Europe has been lauded for its commitment to austerity measures as a means of restoring its economies. But a quick look at the state of those economies reaffirms what any economist should already have known, writes Paul Krugman in the New York Times: The effort is backfiring. Krugman explains that by one key measure of economic health—"changes in real GDP since the recession began"—Britain is in worse shape now, four years after the start of the recession, than it was four years into the Great Depression. Italy is in a similar state, and Spain is poised for a double-dip recession.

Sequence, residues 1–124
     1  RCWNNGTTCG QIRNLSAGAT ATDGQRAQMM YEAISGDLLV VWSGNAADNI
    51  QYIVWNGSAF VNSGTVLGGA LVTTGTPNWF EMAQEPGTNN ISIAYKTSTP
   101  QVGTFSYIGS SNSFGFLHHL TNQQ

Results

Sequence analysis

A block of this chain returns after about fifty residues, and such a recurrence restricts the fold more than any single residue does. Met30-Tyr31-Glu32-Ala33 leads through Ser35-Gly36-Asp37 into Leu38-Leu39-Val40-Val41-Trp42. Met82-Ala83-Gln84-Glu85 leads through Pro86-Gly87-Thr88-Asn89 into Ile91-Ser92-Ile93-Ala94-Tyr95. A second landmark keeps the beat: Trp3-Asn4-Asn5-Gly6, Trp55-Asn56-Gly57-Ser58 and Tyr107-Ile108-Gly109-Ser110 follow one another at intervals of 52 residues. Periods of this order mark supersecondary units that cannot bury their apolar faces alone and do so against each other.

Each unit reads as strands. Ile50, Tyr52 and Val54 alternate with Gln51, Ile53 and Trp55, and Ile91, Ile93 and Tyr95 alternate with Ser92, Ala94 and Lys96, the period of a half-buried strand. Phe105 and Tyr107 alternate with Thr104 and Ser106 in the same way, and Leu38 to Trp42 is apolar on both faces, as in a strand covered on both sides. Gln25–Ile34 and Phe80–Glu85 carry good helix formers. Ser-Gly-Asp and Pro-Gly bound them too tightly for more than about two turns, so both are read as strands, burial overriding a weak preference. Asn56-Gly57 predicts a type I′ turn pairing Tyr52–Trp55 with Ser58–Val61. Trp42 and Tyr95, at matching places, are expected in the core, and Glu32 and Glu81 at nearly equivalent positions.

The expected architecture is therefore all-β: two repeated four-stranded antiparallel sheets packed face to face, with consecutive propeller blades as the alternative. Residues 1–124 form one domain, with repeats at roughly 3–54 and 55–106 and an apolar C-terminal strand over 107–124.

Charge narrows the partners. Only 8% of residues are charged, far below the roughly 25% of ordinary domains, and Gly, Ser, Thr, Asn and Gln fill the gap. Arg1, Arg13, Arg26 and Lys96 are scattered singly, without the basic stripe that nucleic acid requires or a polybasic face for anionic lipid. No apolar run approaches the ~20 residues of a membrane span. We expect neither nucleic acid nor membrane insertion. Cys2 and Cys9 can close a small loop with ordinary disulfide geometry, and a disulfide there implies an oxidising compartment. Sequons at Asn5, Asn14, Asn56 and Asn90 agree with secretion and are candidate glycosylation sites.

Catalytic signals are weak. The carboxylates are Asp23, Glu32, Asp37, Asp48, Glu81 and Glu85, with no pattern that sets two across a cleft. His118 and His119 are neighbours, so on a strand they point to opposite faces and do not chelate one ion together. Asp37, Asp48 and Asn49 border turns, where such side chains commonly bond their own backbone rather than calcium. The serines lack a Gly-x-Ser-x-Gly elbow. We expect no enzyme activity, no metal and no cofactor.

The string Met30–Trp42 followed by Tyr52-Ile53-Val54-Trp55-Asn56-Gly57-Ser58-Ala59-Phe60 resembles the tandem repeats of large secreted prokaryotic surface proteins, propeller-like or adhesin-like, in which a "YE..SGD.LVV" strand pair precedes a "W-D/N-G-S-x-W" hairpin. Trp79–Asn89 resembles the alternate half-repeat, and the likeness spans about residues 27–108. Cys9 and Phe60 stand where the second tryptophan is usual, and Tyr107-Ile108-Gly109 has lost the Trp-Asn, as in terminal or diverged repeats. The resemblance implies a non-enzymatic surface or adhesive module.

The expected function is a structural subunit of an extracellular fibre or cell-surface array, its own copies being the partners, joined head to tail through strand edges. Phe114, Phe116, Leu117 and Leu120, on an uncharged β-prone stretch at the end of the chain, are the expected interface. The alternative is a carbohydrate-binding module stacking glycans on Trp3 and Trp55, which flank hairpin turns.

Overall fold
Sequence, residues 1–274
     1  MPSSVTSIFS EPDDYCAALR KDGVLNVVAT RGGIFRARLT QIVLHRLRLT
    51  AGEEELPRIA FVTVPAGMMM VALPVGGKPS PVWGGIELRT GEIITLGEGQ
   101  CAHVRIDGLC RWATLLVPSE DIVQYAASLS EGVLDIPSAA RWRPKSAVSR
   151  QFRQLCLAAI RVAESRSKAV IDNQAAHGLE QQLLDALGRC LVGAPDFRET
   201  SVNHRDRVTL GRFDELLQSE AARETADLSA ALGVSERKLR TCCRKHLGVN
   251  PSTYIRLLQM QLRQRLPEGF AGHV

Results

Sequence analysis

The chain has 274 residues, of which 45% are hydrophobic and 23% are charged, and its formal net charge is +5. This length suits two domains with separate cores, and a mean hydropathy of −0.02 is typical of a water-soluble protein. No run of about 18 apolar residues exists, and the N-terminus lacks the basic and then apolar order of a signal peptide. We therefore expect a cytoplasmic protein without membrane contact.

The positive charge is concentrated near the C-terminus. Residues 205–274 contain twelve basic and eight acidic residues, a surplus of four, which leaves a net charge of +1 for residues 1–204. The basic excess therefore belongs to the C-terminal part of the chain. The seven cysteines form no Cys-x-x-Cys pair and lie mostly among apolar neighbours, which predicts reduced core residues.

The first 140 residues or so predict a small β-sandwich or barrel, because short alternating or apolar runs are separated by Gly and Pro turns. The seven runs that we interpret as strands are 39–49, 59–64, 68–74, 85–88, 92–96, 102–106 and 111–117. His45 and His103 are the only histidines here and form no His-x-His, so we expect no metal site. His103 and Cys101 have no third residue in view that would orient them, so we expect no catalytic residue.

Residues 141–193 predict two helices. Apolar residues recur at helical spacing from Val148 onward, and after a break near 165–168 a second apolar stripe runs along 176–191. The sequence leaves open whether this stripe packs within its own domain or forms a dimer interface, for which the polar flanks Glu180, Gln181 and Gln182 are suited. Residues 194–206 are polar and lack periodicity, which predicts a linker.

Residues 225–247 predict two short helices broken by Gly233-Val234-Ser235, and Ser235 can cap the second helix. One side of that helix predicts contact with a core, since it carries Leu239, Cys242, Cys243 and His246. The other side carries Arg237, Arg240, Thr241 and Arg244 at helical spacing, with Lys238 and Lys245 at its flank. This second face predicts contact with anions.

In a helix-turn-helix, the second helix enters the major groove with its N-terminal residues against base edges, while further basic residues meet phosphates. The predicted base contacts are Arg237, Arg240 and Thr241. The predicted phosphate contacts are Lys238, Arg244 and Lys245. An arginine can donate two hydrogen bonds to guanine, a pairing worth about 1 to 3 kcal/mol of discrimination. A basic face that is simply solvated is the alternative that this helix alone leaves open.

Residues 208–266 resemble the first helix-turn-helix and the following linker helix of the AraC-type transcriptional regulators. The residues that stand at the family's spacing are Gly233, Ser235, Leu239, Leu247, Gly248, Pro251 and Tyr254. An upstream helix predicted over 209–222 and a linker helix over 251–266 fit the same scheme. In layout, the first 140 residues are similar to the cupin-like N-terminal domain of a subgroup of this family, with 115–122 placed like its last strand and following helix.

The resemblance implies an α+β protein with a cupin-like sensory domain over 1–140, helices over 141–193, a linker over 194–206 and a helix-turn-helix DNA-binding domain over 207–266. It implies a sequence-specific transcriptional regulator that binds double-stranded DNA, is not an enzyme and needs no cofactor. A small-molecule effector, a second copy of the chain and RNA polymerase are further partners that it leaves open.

The culprit: the idea that to spur economic growth, government spending should be slashed, rather than increased. International Monetary Fund researchers warned against the idea, but it took hold because it gelled with supporters' "ideological agendas." Now we're seeing disastrous results. The worst part: "Half a century ago, any economist could have told you that austerity in the face of depression was a very bad idea. But policy makers, pundits, and many economists decided, largely for political reasons, to forget what they used to know," Krugman writes. "And millions of workers are paying the price for their willful amnesia."